Mystery novel by author Sujata Massey takes us into 20th century Bombay

Feb 18, 2018, 09:23 IST | Jane Borges

A new mystery novel by US-based Sujata Massey takes us into 20th century Bombay, where a woman lawyer becomes the face of a murky murder case

Sujata Massey. Courtesy/Jim Burger
Sujata Massey. Courtesy/Jim Burger

As fascinated as this nation is with its history, the story of Cornelia Sorabji (1866-1954), the first woman lawyer of the British Empire, appears to have long eluded us. It was only in November last year, when Google Doodle celebrated Cornelia's 151st birthday, did many, including this writer, grow acquainted with this trailblazing barrister from Poona, for the first time. While we could blame our own history textbooks for not judiciously representing the likes of Sorabji, a new mystery fiction, A Murder On Malabar Hill (Penguin Random House) by Washington DC-based author Sujata Massey, does its part to fill the gap.

The protagonist of the novel is inspired by Indian barrister Cornelia Sorabji (1866-1954). Pic/Getty ImagesThe protagonist of the novel is inspired by Indian barrister Cornelia Sorabji (1866-1954). Pic/Getty Images

Set in Bombay of 1921, Massey's work tells the story of an intrepid Parsi girl named Perveen Mistry, who joins her father's prestigious law firm, Mistry Law, to become Bombay's first female lawyer. Her inspiration is Cornelia, a specialist advocate for purdahnashins - women prohibited from communicating with men, whose career path Perveen closely follows, so much so that she not only chooses to go to Oxford like her, but also returns to Bombay with the intention of championing the cause of women. "Cornelia, who was of mixed Parsi and tribal ancestry, was the first female graduate of Bombay University and went on to be the first lady to sit and pass the bachelor of civil law examination at Oxford University. At the time, Oxford would not grant women degrees, nor would the London Bar recognise them. Nevertheless, Cornelia was qualified as a solicitor and headed back to India with enthusiasm to work.

Though, it was quite hard for her to convince anybody to hire her, she did work in a number of interesting venues through the 1920s," said Massey in an email interview. "Luckily for me, she left a lot of letters and memoirs detailing her work on behalf of hundreds of women and children throughout British and princely India." It was while studying Cornelia's memoirs, and that of another Bombay-bred Parsi woman Mithan Tata Lam, who became the first woman to be admitted to the Bombay Bar in 1923, that Massey brainstormed to create Perveen, an Indian lawyer heroine whose cases were filled with intrigue and danger.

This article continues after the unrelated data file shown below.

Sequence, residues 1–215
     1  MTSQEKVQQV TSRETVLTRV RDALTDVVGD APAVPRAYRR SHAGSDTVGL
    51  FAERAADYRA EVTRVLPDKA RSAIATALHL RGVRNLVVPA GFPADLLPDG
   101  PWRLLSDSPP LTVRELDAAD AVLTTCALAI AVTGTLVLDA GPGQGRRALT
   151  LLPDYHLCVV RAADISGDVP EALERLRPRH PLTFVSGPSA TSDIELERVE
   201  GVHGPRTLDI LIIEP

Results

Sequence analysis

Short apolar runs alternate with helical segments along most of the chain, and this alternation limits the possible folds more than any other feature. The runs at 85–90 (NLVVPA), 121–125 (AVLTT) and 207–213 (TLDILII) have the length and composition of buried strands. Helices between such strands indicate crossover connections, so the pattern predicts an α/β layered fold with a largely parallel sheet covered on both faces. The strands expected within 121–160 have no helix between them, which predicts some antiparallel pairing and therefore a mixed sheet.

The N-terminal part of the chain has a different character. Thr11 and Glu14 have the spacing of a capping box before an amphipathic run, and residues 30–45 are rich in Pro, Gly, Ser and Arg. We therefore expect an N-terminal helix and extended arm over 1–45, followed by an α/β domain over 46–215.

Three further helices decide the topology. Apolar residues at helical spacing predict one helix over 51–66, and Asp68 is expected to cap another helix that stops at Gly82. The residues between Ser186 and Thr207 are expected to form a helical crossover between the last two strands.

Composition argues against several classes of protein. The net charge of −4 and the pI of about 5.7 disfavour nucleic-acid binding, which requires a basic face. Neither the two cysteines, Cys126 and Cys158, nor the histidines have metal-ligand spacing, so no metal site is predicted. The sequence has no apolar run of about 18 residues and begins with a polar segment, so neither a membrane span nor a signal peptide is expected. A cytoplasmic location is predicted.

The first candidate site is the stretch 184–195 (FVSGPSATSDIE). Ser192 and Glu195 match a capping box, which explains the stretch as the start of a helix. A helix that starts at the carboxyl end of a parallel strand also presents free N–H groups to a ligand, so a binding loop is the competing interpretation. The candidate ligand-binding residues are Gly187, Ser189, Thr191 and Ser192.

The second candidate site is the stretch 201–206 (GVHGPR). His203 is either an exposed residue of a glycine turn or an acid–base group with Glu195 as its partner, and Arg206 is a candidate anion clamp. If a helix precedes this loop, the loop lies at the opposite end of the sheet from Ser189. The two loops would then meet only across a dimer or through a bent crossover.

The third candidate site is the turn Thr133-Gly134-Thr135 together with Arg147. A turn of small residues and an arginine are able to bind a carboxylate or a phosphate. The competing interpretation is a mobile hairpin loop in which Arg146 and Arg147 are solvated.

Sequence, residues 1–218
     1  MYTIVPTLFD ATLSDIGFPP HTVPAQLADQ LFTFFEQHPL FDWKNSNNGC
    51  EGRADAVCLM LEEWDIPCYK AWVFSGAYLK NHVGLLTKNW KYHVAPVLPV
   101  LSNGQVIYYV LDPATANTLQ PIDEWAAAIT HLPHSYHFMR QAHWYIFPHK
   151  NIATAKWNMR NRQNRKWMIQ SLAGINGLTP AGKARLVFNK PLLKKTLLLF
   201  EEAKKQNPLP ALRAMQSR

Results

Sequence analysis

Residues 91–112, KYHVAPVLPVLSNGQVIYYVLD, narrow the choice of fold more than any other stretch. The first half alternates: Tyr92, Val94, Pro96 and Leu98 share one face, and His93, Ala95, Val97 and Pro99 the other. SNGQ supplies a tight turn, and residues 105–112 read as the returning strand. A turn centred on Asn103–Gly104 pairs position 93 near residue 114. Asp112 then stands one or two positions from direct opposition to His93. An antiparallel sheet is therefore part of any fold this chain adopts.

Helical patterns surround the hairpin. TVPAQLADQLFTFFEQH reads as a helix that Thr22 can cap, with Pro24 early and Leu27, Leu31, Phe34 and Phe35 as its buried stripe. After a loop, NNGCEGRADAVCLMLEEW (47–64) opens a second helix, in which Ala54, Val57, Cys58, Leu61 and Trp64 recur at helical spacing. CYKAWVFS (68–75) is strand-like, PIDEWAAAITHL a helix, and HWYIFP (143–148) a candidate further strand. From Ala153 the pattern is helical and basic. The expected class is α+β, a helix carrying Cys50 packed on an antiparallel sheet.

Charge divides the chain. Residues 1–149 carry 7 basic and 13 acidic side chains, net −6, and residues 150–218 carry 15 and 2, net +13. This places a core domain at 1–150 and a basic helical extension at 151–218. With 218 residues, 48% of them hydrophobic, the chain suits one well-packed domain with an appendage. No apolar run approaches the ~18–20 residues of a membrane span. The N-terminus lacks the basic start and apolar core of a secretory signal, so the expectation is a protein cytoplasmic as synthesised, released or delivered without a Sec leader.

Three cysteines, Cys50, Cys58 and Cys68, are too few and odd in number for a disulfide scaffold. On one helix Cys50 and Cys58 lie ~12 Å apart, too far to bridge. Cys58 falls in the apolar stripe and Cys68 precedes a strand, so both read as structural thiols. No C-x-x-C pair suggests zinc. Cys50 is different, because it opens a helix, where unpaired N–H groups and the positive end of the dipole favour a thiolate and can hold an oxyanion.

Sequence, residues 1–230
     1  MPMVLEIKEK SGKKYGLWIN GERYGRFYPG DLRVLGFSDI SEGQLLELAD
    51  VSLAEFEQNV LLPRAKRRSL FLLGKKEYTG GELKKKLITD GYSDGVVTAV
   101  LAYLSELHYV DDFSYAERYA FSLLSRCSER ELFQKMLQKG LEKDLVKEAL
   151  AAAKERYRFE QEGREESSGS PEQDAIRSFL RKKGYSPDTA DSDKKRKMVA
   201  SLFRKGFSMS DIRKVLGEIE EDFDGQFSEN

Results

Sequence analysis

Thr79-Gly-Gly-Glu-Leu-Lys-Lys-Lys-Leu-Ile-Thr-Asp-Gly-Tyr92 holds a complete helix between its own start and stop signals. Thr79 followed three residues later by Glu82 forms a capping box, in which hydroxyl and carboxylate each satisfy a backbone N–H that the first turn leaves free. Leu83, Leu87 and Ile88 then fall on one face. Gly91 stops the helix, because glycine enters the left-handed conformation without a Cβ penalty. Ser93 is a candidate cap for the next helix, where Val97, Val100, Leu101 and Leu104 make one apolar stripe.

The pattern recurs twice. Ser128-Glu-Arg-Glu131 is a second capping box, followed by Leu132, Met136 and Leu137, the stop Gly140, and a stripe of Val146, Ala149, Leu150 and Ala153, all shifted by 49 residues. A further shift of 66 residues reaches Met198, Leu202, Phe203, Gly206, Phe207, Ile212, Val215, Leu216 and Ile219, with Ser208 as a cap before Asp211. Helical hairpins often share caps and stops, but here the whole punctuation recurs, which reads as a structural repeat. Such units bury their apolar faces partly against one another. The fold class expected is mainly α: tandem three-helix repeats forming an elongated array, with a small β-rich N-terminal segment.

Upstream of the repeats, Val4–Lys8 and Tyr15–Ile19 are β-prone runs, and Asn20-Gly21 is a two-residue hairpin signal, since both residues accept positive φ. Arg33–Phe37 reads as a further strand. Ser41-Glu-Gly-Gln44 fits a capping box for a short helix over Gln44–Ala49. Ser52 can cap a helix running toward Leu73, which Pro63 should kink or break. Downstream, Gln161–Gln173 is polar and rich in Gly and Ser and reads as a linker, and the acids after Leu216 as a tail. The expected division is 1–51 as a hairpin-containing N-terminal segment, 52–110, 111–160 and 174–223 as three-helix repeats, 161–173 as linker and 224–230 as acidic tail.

In the novel, Perveen is appointed by her father to look into the execution of the will of Omar Farid, a wealthy mill owner from Malabar Hill, who has left behind three widows, who live a life in seclusion and are at the mercy of an unscrupulous guardian Mukri. What piques her curiosity is a provision in the will, which could disinherit the widows. An unexpected murder and a series of bizarre circumstances that follow, see Perveen surreptitiously take on the role of sleuth, to protect the rights of her clients.

"I believe there's no such animal as a milquetoast woman sleuth," said Massey, who is most known for her award-winning mystery series on Rei Shimura, a Japanese-American female sleuth. "For a woman in 1920s India, to be able to be present at a murder scene, and convince the important men in uniforms that she knows something of value, is a tremendous stretch. I believe it's possible for Perveen because she's a lawyer, and many cases can involve concerns about theft, wrongful death, infidelity, and more." That Perveen appears to be far ahead of her times - she believes she has the right to her own romantic destiny and convinces her father to let her work with him in a law practice - makes her a perfect candidate.

Having said that, this novel, among other things, is also a reflection of how unfairly the law and system was being used and abused against women in 20th century India. That was intentional, said Massey. "While the British were in power, they codified religious laws for the various communities with a few powerful Indian men they respected. The laws for Hindus and Sikhs, Muslims, Parsis and Christians mandated the amounts that women could inherit after a spouses' death (if at all) and what grounds would be allowed for divorce. There were some communities, like Hindus, who could not divorce for any reason until after independence. I thought it would be interesting to have a woman lawyer who was very motivated to stand up for women and children because of her own experience being unable to control her destiny," she said.

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